Weight, physical activity and dietary behavior change in young mothers: short term results of the HeLP-her cluster randomized controlled trial.

Lombard CB, Deeks AA, Ball K, Jolley D, Teede HJ - Nutr J (2009)

Mean weight change according to BMI category. Control group BMI < 25 n = 24, BMI 25–29.9, n = 38, BMI ≥ 30 n = 20. Intervention group BMI < 25 n = 37, BMI 25–29.9 n = 28, BMI ≥ 30 n = 21.
© Copyright Policy - open-access
Related In: Results  -  Collection

License
Show All Figures
getmorefigures.php?uid=PMC2683875&req=5

Figure 2: Mean weight change according to BMI category. Control group BMI < 25 n = 24, BMI 25–29.9, n = 38, BMI ≥ 30 n = 20. Intervention group BMI < 25 n = 37, BMI 25–29.9 n = 28, BMI ≥ 30 n = 21.
Mentions: Using self-reported weight, both control and intervention groups reported a similar but non-significant mean weight loss at 16 weeks, -0.72 kg (95% CI:-1.59 to 0.14 p = 0.10) and -0.75 kg (95% CI:-1.57 to 0.07, p = 0.07) respectively. However, based on the measured weight, the intervention group participants significantly reduced weight by -0.78 kg (95% CI: -1.22 to -0.34, p < 0.001) (see additional file 1). There were differences between groups in the distribution of weight loss after stratification by BMI category, although this did not reach significance (figure 2). We then further stratified women into those who lost weight (≥ 1 kg), maintained weight within 1 kilogram of baseline (+/- 0.9 kg) to account for day to day variation in weight, or gained weight (≥ 1 kg). More women in the intervention group lost or maintained weight compared to the comparison group, particularly if they were overweight at baseline (figure 3). Again, the difference between groups did not reach significance. The obese category reported some large increases or decreases in weight over this short period (figure 3).

Bottom Line: Mean measured weight decreased significantly in the intervention group (-0.78 kg 95% CI; -1.22 to -0.34, p < 0.001).The intervention reported increased physical activity although the difference between groups did not reach significance.ACTRN12608000110381.

View Article: PubMed Central - HTML - PubMed

Affiliation: Monash University, Australia. catherine.lombard@med.monash.edu.au

ABSTRACT

Background: Preventing weight gain rather than treating established obesity is an important economic and public health response to the rapidly increasing rates of obesity worldwide. Treatment of established obesity is complex and costly requiring multiple resources. Preventing weight gain potentially requires fewer resources to reach broad population groups, yet there is little evidence for successful interventions to prevent weight gain in the community. Women with children are an important target group because of high rates of weight gain and the potential to influence the health behaviors in family members.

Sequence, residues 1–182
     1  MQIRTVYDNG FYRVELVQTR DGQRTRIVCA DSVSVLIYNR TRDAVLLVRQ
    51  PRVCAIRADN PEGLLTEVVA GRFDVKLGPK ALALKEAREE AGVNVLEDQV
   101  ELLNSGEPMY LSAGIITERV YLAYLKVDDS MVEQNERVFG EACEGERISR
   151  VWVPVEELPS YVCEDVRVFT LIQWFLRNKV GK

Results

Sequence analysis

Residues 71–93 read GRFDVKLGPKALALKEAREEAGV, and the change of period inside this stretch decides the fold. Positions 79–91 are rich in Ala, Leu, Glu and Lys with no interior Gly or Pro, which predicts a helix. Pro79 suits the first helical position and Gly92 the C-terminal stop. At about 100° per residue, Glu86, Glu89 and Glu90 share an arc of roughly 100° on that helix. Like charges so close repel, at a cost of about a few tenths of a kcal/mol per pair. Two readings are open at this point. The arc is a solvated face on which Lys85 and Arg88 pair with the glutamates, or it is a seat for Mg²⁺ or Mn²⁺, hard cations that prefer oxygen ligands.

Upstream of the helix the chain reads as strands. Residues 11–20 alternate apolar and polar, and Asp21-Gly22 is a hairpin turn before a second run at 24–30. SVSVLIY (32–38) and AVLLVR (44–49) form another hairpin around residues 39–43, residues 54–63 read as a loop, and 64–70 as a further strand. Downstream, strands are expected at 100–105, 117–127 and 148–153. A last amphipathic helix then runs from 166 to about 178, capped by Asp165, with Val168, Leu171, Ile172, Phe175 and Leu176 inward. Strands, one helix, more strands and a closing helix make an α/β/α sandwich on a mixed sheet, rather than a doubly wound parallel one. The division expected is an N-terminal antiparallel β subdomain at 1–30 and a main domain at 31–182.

Methods: The aim of this cluster randomized controlled trial was to evaluate the short term effect of a community-based self-management intervention to prevent weight gain. Two hundred and fifty mothers of young children (mean age 40 years +/- 4.5, BMI 27.9 kg/m2 +/- 5.6) were recruited from the community in Melbourne, Australia. The intervention group (n = 127) attended four interactive group sessions over 4 months, held in 12 local primary schools in 2006, and was compared to a group (n = 123) receiving a single, non-interactive, health education session. Data collection included self-reported weight (both groups), measured weight (intervention only), self-efficacy, dietary intake and physical activity.

Results: Mean measured weight decreased significantly in the intervention group (-0.78 kg 95% CI; -1.22 to -0.34, p < 0.001). Comparing groups using self-reported weight, both the intervention and comparison groups decreased weight, -0.75 kg (95% CI; -1.57 to 0.07, p = 0.07) and -0.72 kg (95% CI; -1.59 to 0.14 p = 0.10) respectively with no significant difference between groups (-0.03 kg, 95% CI; -1.32 to 1.26, p = 0.95). More women lost or maintained weight in the intervention group. The intervention group tended to have the greatest effect in those who were overweight at baseline and in those who weighed themselves regularly. Intervention women who rarely self-weighed gained weight (+0.07 kg) and regular self-weighers lost weight (-1.66 kg) a difference of -1.73 kg (95% CI; -3.35 to -0.11 p = 0.04). The intervention reported increased physical activity although the difference between groups did not reach significance. Both groups reported replacing high fat foods with low fat alternatives and self-efficacy deteriorated in the comparison group only.

Conclusion: Both a single health education session and interactive behavioral intervention will result in a similar weight loss in the short term, although more participants in the interactive intervention lost or maintained weight. There were small non-significant changes to physical activity and changes to fat intake specifically replacing high fat foods with low fat alternatives such as fruit and vegetables. Self-monitoring appears to enhance weight loss when part of an intervention.

Trial registration: ACTRN12608000110381.

Show MeSH
Related in: MedlinePlus